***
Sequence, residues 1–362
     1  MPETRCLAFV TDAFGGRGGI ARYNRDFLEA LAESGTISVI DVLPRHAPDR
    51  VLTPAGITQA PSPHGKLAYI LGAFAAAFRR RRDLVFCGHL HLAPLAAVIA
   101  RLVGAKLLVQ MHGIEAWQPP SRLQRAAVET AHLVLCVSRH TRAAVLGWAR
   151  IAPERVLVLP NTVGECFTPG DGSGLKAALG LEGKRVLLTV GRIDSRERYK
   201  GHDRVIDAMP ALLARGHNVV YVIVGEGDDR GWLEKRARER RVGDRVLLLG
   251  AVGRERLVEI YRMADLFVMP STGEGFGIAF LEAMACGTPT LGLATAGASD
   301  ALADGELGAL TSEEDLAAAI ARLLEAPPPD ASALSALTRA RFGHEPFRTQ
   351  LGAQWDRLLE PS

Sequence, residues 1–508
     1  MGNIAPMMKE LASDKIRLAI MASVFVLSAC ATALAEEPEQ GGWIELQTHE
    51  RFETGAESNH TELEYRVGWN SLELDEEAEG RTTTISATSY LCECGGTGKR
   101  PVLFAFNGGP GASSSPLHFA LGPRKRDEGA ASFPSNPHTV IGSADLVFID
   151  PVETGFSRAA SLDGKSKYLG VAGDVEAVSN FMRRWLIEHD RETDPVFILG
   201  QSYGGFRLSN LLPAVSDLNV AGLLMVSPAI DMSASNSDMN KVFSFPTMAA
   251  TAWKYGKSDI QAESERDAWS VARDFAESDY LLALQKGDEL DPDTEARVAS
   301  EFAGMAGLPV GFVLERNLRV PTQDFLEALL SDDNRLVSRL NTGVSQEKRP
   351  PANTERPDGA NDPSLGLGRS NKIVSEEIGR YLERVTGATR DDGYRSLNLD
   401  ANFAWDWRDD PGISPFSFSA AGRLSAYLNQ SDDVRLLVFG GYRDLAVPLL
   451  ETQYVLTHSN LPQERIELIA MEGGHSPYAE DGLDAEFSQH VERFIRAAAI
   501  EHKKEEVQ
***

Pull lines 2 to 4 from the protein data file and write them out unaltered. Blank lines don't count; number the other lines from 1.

     1  MPETRCLAFV TDAFGGRGGI ARYNRDFLEA LAESGTISVI DVLPRHAPDR
    51  VLTPAGITQA PSPHGKLAYI LGAFAAAFRR RRDLVFCGHL HLAPLAAVIA
   101  RLVGAKLLVQ MHGIEAWQPP SRLQRAAVET AHLVLCVSRH TRAAVLGWAR